Pub. 17 2020 Issue 3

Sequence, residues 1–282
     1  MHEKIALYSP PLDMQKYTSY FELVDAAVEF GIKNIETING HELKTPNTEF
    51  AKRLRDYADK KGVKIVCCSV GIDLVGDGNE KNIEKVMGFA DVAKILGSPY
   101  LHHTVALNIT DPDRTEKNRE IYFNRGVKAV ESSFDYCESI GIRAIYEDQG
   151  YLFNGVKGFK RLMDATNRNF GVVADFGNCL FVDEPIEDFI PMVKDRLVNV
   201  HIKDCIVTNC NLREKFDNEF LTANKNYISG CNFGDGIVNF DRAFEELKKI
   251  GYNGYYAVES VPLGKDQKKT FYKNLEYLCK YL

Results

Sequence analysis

20 O V E R A C E N T U R Y : B U I L D I N G B E T T E R B A N K S — H E L P I N G N E W M E X I C O R E A L I Z E D R E A M S D uring normal times, it can be challenging for bankers to get their arms around the regulatory require- ments surrounding the Bank Secrecy Act (BSA) and anti-mon- ey laundering (AML) regulations. So, when you add a global pandemic, such as COVID-19, things can get a little dic- ey, especially when navigating compet- ing priorities. Fortunately for us, the Federal regula- tors have been proactive in providing the banking industry with up-to-date com- pliance guidance (although it is essential to note the guidance did not extend the BSA regulatory reporting deadlines) relating to the pandemic. Furthermore, the Financial Crimes Enforcement Net- work (FinCEN) went as far as creating a webpage devoted to coronavirus updates. A brief scan of their webpage includes the following advisories: • Advisory on Cybercrime and Cyber-Enabled Crime Exploiting the Coronavirus Disease 2019 (COVID-19) Pandemic • FinCEN Advisory on Imposter Scams and Money Mule Schemes Related to Coronavirus Disease 2019 (COVID-19) • FinCEN Advisory on Medical Scams Related to COVID-19 • Companion Notice to FinCEN COVID-19 Advisories • Paycheck Protection Program Fre- quently Asked Questions • Updated FinCEN Notice to Financial Institutions Regarding COVID-19 • FinCEN Notice to Financial Institu- tions Regarding COVID-19 In these statements, FinCEN encourag- es financial institutions to communicate concerns related to the COVID-19 pan- demic and to remain diligent in detecting related suspicious activity. Hopefully, by now, banks have passed the stage where concerns exist over the potential delays in filing required BSA reports — suspicious activity reports (SARs) and currency transaction reports (CTRs) — but know that risk was really for many. That brings us to suspicious activi- ty monitoring and reporting, a staple of a safe and sound BSA program. By now, suspicious activity, including illicit fraudulent transactions, is not particu- larly new to us. We have dealt with many types of fraud — ACH, loan and identity theft fraud — to name a few. But, since FinCEN has suggested that the banking community “remain alert about mali- cious or fraudulent transactions similar to those that occur in the wake of natural disasters,” we should take a look at the emerging trends connected to COVID-19: • Imposter Scams — Bad actors attempt to solicit donations, steal personal information or distribute malware by impersonating gov- ernment agencies (e.g., Centers for Disease Control and Prevention), international organizations (e.g., World Health Organization (WHO), or healthcare organizations. • Investment Scams — The U.S. Se- curities and Exchange Commission (SEC) urged investors to be wary of COVID-19-related investment scams, such as promotions that falsely claim that the products or services of pub- licly traded companies can prevent, detect or cure coronavirus. • Product Scams — The U.S. Federal Trade Commission (FTC) and U.S. Food and Drug Administration (FDA) have issued public statements and warning letters to companies selling unapproved or misbranded products that make false health claims about COVID-19. Addition- ally, FinCEN has received reports regarding fraudulent marketing of COVID-19-related supplies, such as certain facemasks. • Insider Trading — FinCEN has re- ceived reports regarding suspected COVID-19-related insider trading. When you throw in the reminder regarding the importance of detecting trends related to COVID-19 medical fraud, imposter scams, and cyber- enabled crime, the banking industry has the daunting task of being the watchdog for fraudulent transactions. Where do we start? Begin with the bank’s system for identifying potentially suspicious activity. Most banks have multiple channels that funnel unusual activity to the appropriate party for research and reporting. First, and likely most important, bank employee detection is key. During day-to-day operations, employees may observe unusual or potentially suspi- cious transaction activity or requests. During this pandemic, it is important that employees be aware of the FinCEN emerging trends and the potential red THE RACE IS ON — KEEPING UP WITH THE BSA By Compliance Alliance